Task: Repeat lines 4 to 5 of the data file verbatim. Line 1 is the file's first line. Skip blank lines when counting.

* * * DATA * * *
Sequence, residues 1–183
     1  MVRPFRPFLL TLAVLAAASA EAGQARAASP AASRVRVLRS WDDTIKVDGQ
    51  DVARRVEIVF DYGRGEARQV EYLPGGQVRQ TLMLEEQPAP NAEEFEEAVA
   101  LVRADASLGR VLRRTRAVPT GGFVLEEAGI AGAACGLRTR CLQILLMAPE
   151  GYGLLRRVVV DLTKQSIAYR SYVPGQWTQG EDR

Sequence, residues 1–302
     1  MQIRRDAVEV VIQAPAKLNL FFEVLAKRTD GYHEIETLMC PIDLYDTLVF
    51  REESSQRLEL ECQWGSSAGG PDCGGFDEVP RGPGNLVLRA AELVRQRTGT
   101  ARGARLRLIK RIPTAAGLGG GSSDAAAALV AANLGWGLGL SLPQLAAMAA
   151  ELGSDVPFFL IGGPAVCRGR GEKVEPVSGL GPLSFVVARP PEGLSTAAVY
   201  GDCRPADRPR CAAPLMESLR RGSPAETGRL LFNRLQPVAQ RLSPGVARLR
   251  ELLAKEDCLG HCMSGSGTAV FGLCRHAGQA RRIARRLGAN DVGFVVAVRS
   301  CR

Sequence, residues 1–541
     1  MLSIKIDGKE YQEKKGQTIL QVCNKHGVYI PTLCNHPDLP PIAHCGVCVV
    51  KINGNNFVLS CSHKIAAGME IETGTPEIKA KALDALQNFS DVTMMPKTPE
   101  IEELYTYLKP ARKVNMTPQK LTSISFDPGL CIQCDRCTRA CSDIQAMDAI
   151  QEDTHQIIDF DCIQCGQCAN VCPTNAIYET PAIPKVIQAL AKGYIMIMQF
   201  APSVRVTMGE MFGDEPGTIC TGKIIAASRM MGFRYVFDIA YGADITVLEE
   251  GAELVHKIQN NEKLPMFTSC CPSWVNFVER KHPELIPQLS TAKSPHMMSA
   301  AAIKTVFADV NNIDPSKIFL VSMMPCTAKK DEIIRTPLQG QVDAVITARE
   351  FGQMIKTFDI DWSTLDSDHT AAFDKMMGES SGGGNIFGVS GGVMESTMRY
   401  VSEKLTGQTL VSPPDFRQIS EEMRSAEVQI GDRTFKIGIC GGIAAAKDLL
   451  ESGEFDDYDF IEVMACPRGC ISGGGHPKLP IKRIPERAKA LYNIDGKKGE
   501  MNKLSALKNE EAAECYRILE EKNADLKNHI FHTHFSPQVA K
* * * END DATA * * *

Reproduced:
   101  LVRADASLGR VLRRTRAVPT GGFVLEEAGI AGAACGLRTR CLQILLMAPE
   151  GYGLLRRVVV DLTKQSIAYR SYVPGQWTQG EDR